Slam the fly-by-wire accelerator pedal to the floor and the Control-Blade rear end begins it’s battle with the torque delivery. It eventually succeeds and the car gets power down surprisingly well.

The 5.4L DOHC 32V V8 produces peak power of 260kW @ 5250rpm and peak torque of 500Nm @ 4250rpm. Which is enough to haul the 1795kG Falcon from 0 – 100kM/h in 6.12 seconds and onto the 400M mark in 14.39, while 80-120kM/h disappears in 4.1 seconds.

This is an old school V8 engine in some ways, with a lot of rich noise. By the time 2500rpm is on the tacho, we’re hearing low moaning noises. At around 3800rpm, there is a distinct tonal change to a mellow warble, matched by an acceleration change. From there on, the power delivery piles on in a linear fashion all the way to redline. Change up a cog and repeat process. That’s pretty much all there is to it. Each gear change drops the engine right back into the meaty torque zone.

The engine is smooth and flexible at almost any point on the tacho, and there’s no trace of the graininess or sharpness that are found in some other local V8s. It’ll pull well from idle speed in any gear at almost any road speed. In 5th gear, it’s pulling a minuscule 1800rpm at 100kM/h and yet, overtaking doesn’t require a shift down, the big Falcon effortlessly moving around traffic with a quick blip of the throttle.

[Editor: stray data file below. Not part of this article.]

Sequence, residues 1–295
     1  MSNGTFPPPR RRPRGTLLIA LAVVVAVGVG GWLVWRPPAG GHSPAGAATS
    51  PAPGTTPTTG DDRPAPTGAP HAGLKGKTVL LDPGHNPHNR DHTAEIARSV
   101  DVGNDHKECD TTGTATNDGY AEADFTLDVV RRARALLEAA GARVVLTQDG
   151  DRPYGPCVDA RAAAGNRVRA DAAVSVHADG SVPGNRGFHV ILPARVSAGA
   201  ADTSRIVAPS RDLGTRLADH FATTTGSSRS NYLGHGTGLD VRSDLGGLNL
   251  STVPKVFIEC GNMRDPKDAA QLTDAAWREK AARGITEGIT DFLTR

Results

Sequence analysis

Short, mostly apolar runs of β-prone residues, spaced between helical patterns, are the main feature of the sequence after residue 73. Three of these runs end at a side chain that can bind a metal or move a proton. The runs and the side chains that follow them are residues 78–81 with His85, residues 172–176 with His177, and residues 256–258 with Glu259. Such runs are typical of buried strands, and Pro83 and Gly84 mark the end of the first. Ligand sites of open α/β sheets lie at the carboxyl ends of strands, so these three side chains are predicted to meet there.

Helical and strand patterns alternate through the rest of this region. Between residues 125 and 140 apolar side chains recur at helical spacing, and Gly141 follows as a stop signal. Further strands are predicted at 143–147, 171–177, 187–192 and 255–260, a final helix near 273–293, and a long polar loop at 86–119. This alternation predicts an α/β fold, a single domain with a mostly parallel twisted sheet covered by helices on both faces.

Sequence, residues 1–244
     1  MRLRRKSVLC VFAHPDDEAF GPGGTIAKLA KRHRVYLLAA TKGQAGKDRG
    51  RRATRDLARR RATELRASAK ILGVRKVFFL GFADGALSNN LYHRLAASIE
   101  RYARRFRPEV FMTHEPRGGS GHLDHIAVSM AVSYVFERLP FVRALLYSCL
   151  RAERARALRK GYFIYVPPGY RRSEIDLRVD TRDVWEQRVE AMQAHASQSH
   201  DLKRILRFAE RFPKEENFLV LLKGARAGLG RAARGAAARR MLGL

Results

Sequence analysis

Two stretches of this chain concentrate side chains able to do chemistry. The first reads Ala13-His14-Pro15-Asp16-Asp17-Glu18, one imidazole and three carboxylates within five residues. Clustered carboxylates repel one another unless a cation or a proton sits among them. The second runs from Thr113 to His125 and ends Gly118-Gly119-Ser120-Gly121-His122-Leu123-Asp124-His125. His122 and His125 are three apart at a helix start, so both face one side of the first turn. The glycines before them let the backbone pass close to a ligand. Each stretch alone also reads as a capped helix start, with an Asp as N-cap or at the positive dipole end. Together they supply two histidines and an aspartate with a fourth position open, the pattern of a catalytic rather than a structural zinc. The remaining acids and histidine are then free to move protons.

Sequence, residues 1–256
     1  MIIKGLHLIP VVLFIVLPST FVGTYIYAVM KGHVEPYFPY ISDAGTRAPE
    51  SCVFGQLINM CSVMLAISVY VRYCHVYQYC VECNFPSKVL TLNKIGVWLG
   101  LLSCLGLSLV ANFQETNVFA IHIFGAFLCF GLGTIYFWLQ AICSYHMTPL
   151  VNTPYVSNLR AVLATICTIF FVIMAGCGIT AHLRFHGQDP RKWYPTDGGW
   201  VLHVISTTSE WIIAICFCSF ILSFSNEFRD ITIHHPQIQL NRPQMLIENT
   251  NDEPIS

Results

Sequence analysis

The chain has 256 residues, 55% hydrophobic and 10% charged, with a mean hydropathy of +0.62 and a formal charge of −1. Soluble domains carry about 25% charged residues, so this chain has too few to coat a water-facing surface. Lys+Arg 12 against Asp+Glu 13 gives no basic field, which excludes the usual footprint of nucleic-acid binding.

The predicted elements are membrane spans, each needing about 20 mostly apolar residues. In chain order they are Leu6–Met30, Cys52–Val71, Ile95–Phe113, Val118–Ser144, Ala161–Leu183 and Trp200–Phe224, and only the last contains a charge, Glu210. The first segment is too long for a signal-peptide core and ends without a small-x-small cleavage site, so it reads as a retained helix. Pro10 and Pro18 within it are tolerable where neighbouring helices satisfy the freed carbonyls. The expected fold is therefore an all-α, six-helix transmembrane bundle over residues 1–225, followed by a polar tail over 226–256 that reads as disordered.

Driving up the Chum/Toolangi spur, with it’s challenging, technical nature revealed more of this flexibility. Many of the corners taken in 2nd gear in other vehicles were dispatched easily in either 3rd or 4th in the XR8.

The spur also revealed some less pleasing aspects to this engine though. The downside of that high-riding V8 with it’s big, fat heads is the amount of weight over the front axle.

The detriments are twofold. Firstly, there is heavy understeer on corner entry. The front washes wide as you approach the apex, be it on the power or on trailing throttle. Secondly, the XR8 does not like to change directions quickly when encountering a set of bends that go one direction then the other. It’s like trying to steer with an elephant attached to your front bumper.

Because of this, you tend to approach at a lower speed and then use all the neddies on hand to power back out in post-apex oversteer. This approach will net you a reasonable point to point speed, but is a little disappointing if you like driving quickly through the entirety of a bend.